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NS&I cuts premium bond prizes and savings rates

Is it time to move your money?

Premium bond holders will have less chance of winning a prize from May 2017 onwards.  

National Savings and Investments (NS&I) today announced a cut to the premium bond prize fund rate, from 1.25% to 1.15%, citing the Bank of England base rate reduction as a key reason.

The number of monthly £1m jackpot prizes awarded will remain at two, but there will be less chance of winning many other lucrative prizes, as you’ll see in the table below.

  • The March issue of Which? Money magazine includes in-depth analysis of premium bonds, including whether you should hold them and your chances of winning a return that outstrips savings rates. Try Which? Money for two months for £1 to read the full investigation.

Premium bonds: are they still worth it?

Each premium bond is entered into a monthly prize draw and winners are selected at random by NS&I’s computer Ernie (Electronic Random Number Indicator Equipment). Tax-free cash prizes range from £25 up to a jackpot of £1 million. All NS&I products are 100% backed by the Treasury.

The current prize fund rate of 1.25% – which indicates the rate of return for someone with ‘average luck’ – will fall to 1.15% from May.

In comparison, the best rate on offer to all customers in the Which? Money Compare instant-access cash Isa tables is 1.01%. The best rate on offer to all customers in the Which? Money Compare instant-access savings account tables is 1.1%.

With premium bonds, there is a chance to win a life-changing sum of money, but it’s also possible you might never receive a prize and the real value of your savings could be eroded by inflation.

The table below shows how your odds of winning a prize could be affected in May.

Find out more: premium bonds – our guide explains everything you need to know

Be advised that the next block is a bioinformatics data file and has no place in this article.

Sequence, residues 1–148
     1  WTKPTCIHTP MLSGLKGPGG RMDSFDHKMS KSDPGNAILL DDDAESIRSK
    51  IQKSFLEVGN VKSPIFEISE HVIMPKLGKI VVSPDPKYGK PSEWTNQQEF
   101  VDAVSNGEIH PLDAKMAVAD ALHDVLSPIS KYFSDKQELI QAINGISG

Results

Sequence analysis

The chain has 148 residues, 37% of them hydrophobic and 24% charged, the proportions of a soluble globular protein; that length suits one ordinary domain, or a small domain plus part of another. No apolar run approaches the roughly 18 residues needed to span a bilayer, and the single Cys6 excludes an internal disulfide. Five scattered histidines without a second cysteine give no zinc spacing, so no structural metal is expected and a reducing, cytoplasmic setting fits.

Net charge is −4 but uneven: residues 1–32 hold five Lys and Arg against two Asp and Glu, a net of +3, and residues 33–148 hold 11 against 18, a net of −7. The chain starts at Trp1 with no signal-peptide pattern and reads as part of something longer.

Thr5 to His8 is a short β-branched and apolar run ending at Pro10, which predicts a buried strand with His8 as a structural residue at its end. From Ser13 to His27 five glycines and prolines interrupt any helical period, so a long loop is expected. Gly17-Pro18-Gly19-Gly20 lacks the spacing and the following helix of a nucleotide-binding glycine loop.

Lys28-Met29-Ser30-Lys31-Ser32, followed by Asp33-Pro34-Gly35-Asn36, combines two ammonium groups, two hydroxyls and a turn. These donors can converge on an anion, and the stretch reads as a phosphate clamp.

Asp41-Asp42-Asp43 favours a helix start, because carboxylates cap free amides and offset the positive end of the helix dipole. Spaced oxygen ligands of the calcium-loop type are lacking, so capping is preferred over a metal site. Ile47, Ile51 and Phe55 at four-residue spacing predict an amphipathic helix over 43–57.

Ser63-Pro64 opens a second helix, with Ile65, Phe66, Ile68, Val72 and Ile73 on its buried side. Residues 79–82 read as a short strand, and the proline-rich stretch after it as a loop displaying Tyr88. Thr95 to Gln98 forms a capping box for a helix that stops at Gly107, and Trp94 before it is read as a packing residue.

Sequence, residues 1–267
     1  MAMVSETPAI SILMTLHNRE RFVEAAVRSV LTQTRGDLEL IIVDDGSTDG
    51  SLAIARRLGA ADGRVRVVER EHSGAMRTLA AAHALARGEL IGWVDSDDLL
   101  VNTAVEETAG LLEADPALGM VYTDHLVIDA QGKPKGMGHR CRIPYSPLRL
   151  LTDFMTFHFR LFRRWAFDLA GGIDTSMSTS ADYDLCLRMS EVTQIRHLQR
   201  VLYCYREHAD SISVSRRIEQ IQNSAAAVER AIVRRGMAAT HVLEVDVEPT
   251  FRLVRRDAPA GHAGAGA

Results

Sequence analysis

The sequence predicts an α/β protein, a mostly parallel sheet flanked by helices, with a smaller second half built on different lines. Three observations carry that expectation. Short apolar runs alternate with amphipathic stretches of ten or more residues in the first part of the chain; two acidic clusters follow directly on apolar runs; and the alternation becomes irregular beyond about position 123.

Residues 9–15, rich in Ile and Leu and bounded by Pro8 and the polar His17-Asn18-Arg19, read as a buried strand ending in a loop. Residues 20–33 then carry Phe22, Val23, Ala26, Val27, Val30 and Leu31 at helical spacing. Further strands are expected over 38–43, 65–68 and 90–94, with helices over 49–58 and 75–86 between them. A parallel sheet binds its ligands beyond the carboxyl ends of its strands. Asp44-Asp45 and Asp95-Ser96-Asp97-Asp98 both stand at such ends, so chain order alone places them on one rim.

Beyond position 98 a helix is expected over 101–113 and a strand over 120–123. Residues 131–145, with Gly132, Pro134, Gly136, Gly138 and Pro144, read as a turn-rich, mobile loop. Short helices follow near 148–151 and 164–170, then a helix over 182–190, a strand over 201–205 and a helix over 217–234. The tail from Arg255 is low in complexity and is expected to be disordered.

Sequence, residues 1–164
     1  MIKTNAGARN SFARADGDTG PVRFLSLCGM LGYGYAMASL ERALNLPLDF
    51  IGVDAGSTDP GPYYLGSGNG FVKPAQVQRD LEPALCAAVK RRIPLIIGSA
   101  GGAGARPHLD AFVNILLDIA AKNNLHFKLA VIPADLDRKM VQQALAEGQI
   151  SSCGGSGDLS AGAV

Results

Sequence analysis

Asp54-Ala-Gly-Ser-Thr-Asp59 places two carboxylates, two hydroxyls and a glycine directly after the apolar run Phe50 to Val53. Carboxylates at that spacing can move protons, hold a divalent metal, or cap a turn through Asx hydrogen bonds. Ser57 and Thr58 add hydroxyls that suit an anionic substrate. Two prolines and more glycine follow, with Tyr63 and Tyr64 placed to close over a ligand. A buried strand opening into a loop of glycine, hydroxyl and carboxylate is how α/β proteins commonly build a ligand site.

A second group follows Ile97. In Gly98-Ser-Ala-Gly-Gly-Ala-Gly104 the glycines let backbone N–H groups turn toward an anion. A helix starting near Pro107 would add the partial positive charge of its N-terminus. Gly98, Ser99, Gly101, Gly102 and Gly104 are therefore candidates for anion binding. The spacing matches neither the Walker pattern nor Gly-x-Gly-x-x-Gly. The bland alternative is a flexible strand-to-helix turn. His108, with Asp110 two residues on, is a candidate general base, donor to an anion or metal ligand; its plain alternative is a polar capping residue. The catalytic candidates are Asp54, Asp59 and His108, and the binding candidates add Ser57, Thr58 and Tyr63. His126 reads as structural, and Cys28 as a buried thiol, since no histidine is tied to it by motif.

Premium bond prizes
Value of prizes February 2017 May 2017 (estimate)
£1m 2 2
£100,000 3 2
£50,000 6 6
£25,000 11 9
£10,000 31 23
£5,000 58 47
£1,000 1,390 1,276
£500 4,170 3,828
£100 70,950 20,729
£50 70,950 20,729
£25 2,076,942 2,172,842
Total 2,224,513 2,219,493

Cuts to NS&I variable-rate savings products

Customers with savings in an NS&I Direct ISA, Direct Saver or Income Bonds will also face rate cuts from 1 May 2017. These are detailed in the table below.

If you want to ditch these variable-rate NS&I accounts, use the Which? Money Compare savings and Isa tables to search hundreds of savings accounts and find a great savings rate based on quality of service as well as cost and benefits.

Which? Money Compare table: cash Isas and savings accounts – hundreds of deals compared

NS&I cuts
Current rate Rate on May 1 2017
Premium Bond prize fund rate 1.25% AER 1.15% AER
Direct Isa 1% AER 0.75% AER
Direct Saver 0.8% AER 0.7% AER
Income Bonds 1% AER 0.75% AER

The only positive news is that NS&I will launch a market-leading three-year NS&I Investment Guaranteed Growth Bond in the spring.

Savers over 16 can open one bond each via the NS&I website, by post or over the telephone, investing between £100 and £3,000. The new bonds will be on sale for 12 months with an indicative interest rate of 2.20%, although the launch date and the precise savings rate is yet to be confirmed.

Alternatives to NS&I savings products

High interest current accounts offer better returns for savers, albeit on smaller balances. Nationwide FlexDirect pays 5% AER on balances up to £2,500 in the first year (falling to 1% AER after 12 months) and Santander 123 pays 1.5% AER on balances up to £20,000, although you must pay a monthly fee of £5.

If you’re willing to put in the effort, opening multiple high-interest current accounts is a smart way to boost your savings. However, if low savings rates are pushing you to consider taking some risk, you could put some of your money into a stocks and shares Isa, or try peer-to-peer lending.

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